Analysis revealed some evidence for a noisy warming trend over the past three decades near our study area. Air temperature throughout the year (mean of mean monthly temperatures) increased, on an average, by about 0.4°C per decade (β=0.045, r2=0.15, p=0.021, one-tailed) since 1975. Mean temperature increased at similar rates during autumn and late winter, the periods we reasoned would have the greatest impact on jays. The trend was significant for autumn (TEMPOctNov: β=0.047, r2=0.10, p=0.048, one-tailed), but not for late winter (TEMPFebMar: β=0.037, r2=0.02, p=0.22, one-tailed). Corresponding trends during the interval (1979–2004) matching our time-series of jay data were positive (βs>0.022, but ps>0.16). Overall, we detected some evidence for local warming, with considerable interannual variation.
Our study population shrank, as revealed by the declining rates of territorial occupancy (figure 1; β=−0.022, r2=0.63, p=2.4×10−6; exponential decay model provides better fit: r2=0.84). New vacancies outnumbered reoccupations in 20 out of 26 years (binomial p=0.0012, accounting for one tie). The trend in territorial occupancy rate has not improved (β=−0.004, r2=0.03, p=0.42). Having documented this decline, we next evaluate the influence of climate.
Jays advanced their breeding season by about 3.1 days per decade on an average (figure 2a; β=−0.309, r2=0.20, p=0.024). Reproductive performance declined significantly, as indexed by both mean clutch size (β=−0.021, r2=0.20, p=0.026) and mean number of nestlings (figure 2b; β=−0.018, r2=0.16, p=0.045). Having established these trends, we then evaluated whether temperature during autumn (TEMPOctNov) and late winter (TEMPFebMar) could account for variability in timing and performance. In doing so, we test whether breeding was delayed and less successful following warmer autumns, as predicted by the hoard-rot hypothesis.
Both TEMPFebMar and TEMPOctNov were important predictors of timing (median first-egg date), with year included in the model (table 1). Females initiated egg laying earlier during warmer late winters (β=−1.93, p=0.0008), following colder autumns (β=1.66, p=0.042), and in recent years (β=−0.35, p=0.0005). The next best model included TEMPFebMar and YEAR. This model received approximately 30 times more support than the model including TEMPOctNov and YEAR (i.e. based on the ratio of wis=0.319/0.010). Thus, timing of breeding was apparently influenced by temperature during both autumn and late winter, with late winter having a stronger influence.
In our analysis of reproductive performance as indexed by mean clutch size, TEMPOctNov was the only predictor included in all the ‘good’ models (ΔAICc<2). The best model indicated that clutches were larger following colder autumns (β=−0.11, p=0.007), during warmer late winters (β=0.052, p=0.059), and earlier in the time-series (β=−0.018, p=0.020). Two exceptional cases may be attributable to climatic anomalies. In 2001, the smallest mean clutch size corresponded with the second earliest median first-egg date; February was the rainiest since 1980, with the highest total precipitation. In 1992, the very small mean clutch size corresponded with second earliest median first-egg date, apparently owing to cold weather in March (second coldest). More typically, we could reliably predict mean clutch size based on TEMPOctNov, TEMPFebMar and YEAR.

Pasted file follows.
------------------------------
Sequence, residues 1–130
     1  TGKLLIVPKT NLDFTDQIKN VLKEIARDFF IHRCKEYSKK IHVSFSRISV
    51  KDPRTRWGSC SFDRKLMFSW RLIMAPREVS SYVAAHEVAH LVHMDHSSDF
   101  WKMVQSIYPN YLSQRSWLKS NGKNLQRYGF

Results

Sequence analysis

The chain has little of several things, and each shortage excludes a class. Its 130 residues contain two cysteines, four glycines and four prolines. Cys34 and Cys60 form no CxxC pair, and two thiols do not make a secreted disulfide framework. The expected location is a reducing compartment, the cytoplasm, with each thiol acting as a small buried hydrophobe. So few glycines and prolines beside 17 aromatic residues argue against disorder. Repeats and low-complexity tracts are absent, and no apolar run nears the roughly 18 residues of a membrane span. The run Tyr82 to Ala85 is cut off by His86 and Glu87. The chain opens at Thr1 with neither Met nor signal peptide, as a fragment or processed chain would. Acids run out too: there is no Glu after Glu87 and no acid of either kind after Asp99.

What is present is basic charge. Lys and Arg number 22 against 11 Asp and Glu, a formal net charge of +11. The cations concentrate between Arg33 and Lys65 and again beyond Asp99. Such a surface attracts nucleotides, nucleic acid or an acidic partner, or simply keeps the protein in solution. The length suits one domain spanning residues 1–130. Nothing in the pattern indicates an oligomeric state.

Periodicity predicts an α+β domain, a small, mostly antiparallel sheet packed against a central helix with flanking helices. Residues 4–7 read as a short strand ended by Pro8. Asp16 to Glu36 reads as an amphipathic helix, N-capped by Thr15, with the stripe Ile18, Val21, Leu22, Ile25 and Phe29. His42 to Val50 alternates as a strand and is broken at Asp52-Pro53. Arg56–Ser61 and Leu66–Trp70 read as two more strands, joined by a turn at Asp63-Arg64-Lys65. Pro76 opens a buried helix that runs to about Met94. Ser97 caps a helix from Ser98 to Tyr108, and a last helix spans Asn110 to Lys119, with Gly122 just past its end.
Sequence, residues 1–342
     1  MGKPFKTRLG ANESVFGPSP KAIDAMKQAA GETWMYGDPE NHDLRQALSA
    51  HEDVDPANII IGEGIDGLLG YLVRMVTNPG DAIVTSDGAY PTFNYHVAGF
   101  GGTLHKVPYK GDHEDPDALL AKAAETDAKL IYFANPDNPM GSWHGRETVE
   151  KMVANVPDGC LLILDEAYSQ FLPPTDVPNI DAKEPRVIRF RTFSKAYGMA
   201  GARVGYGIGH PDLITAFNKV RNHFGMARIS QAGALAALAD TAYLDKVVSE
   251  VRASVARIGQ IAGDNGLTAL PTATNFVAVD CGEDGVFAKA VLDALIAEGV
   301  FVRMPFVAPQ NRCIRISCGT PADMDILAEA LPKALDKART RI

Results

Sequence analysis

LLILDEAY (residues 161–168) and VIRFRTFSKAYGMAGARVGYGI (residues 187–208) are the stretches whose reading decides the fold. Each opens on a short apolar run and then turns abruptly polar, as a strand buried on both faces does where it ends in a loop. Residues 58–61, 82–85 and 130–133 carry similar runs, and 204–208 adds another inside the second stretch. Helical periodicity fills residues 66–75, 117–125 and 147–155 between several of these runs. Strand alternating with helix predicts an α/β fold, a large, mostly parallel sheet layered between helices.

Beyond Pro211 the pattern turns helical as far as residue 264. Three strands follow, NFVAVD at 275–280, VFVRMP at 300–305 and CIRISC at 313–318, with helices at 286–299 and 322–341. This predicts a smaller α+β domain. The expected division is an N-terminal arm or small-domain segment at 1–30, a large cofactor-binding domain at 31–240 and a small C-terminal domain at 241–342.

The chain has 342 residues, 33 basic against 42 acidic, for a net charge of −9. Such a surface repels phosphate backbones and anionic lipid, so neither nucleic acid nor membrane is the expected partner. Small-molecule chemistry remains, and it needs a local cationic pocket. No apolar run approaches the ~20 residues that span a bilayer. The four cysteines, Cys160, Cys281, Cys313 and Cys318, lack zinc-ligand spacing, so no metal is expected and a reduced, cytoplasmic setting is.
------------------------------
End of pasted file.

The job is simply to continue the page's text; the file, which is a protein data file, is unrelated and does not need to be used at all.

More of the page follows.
In our analysis of reproductive performance as indexed by mean number of nestlings, TEMPOctNov was the only temperature variable included in the good models. This variable, by itself, was not a very significant predictor (β=−0.12, p=0.08) of lower reproductive performance following warmer autumns.
Figure 3 provides further evidence that reproductive success has been compromised by warm autumns. The proportion of mated pairs producing at least one nestling tended to be low following warm autumns (two-dimensional Kolmogorov–Smirnov test (Garvey et al. 1998): D=0.135, p=0.017, x=−4.90, y=0.12), where ice-in date for a local lake indexes hoard-rot potential. Reproductive success was low (negative residual) in 10 out of 11 years when the preceding ice-in had been late (positive residual), i.e. there was a 91% chance of low success when the opportunity for hoard rot had been high in the preceding autumn. No similar pattern emerged for a separate set of territories, where jays had access to supplemental food throughout winter (D=0.056, p=0.81, x=−2.51, y=0.13; mean n=4.1 territories per year). In these supplemented territories, breeding attempts were just as likely to succeed following warm (six cases) versus cold autumns (five cases). Thus, jays in supplemented territories, with chronic access to superabundant food, were apparently buffered against deleterious impacts of warm autumns.